Although my official title is 'Parasitologist', I would classify myself more as an evolutionary ecologist who uses host-parasite interactions to address core questions in biology. During my (many) years in post secondary education, I have had the great fortune of interacting with a number of incredible scientists/mentors who have fostered my interest in these scientific areas.
My first 'exposure' to parasites occurred while I was taking an 'elective' course in biology at Vancouver Island University in Nanaimo, British Columbia. Fortunately for me, the class was taught by Dr. Tim Goater, one of the most dynamic and engaging instructors that I had ever seen. After taking a number of Tim's courses and conducting research under his guidance, I decided that science was where I wanted to be. Shortly thereafter, I switched majors (and institutions) and completed my B.Sc at the University of Victoria in 1996.
The next step was undertaking a Master's degree under Dr. Cam Goater at the University of Lethbridge in Alberta. This research incorporated field and experimental approaches to better understand interactions between fathead minnows and their brain-encysting trematodes (Ornithodiplostomum ptychocheilus). Field work involved making biweekly trips to 4 remote lakes in north-central Alberta to collect both young-of-the-year and adult fathead minnows. After fish were acquired from these natural habitats, they were transferred back to the University of Lethbridge for necropsy. This work allowed us to gain an understanding of infection patterns across space and time in natural systems. As a complementary step to the field work, we initiated the life cycle of this parasite in the lab which opened up additional avenues for experimental manipulations. These included 1) assessing the impacts of parasite intensities on host morphology and parasite development, 2) investigating the interaction between parasite intensities and host nutrition on fish life history, and 3) determining the impacts of brain infections on fish behaviors. A large portion of this work was conducted with the assistance of a number of other scientists including Drs. Andy Danylchuk and Sho Shirakashi. In the summer of 1999, I defended my thesis and moved to Edmonton where I began work as a research assistant in the laboratory of Dr. Ellie Prepas at the University of Alberta.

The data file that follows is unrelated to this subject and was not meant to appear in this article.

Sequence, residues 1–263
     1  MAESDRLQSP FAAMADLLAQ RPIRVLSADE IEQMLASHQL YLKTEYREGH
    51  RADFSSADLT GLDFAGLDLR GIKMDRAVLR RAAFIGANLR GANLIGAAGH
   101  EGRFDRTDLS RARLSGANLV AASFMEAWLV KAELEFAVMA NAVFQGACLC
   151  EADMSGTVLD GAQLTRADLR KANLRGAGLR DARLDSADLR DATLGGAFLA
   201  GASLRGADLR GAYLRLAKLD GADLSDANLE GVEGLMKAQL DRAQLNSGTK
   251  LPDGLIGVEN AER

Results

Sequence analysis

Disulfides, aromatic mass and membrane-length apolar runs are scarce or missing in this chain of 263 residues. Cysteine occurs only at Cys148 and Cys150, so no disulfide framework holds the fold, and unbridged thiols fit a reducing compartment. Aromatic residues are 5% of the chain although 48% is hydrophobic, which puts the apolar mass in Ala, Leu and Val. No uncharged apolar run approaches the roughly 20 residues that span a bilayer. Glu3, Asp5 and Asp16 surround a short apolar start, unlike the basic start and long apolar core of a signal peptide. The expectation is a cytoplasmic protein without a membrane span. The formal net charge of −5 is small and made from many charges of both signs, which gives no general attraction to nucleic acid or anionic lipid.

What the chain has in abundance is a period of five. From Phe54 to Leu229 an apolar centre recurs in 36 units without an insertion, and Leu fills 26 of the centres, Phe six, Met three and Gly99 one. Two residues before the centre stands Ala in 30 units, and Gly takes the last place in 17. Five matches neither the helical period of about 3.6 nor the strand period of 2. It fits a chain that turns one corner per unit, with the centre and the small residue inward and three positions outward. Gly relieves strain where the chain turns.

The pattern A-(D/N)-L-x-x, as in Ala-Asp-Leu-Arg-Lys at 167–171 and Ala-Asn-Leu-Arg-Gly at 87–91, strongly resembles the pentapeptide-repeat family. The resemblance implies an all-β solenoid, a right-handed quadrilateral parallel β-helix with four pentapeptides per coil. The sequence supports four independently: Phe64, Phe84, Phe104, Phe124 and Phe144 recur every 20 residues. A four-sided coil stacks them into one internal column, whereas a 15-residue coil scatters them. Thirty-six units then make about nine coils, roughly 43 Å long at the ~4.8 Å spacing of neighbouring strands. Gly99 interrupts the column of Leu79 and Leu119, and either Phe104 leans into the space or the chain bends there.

During my year at the University of Alberta, I received an NSERC grant and traveled down to Indiana the following summer (2000) to begin a Ph.D. with Dr. Dennis Minchella at Purdue University. Shortly after starting at Purdue, I became obsessed with host life-history responses in general, and host responses to infection, in particular. This scientific interest corresponded extremely well with the previous research conducted by Dennis and other members of his lab. Addressing these questions required a model host-parasite system that could be monitored in the field and experimentally examined in the laboratory. That system turned out to be the interaction between an aquatic snail (Lymnaea elodes) and its castrating trematode, Echinostoma revolutum. Using this system allowed me to address a number of life-history related questions such as 1) Do costs of host resistance change under varying environmental conditions?; 2) Can these costs be quantified using hemolymph attributes like hemocytes and lectins?; 3) What is the breadth of life-history plasticity in hosts of different genetic backgrounds?; and 4) How does desiccation impact both host and parasite life histories in the field and in the laboratory? In addition, I became involved in a number of collaborative side projects. The first study aimed to investigate the immunological responses of aquatic snails to varying concentration of the herbicide, atrazine. This work was performed in association with Dr. Nadia Carmosini, an environmental chemist who is now a faculty member in the Chemistry Department here at the University of Wisconsin - La Crosse. The second side-project was designed to assess the impacts of host inbreeding and outcrossing on infection susceptibility using the tropical snail, Biomphalaria glabrata and the trematode Schistosoma mansoni, a parasite that infects hundreds of millions of humans worldwide.
Being involved in scientific research has allowed me to travel to a number of diverse places. If you would like to see some pictures from these trips click here.
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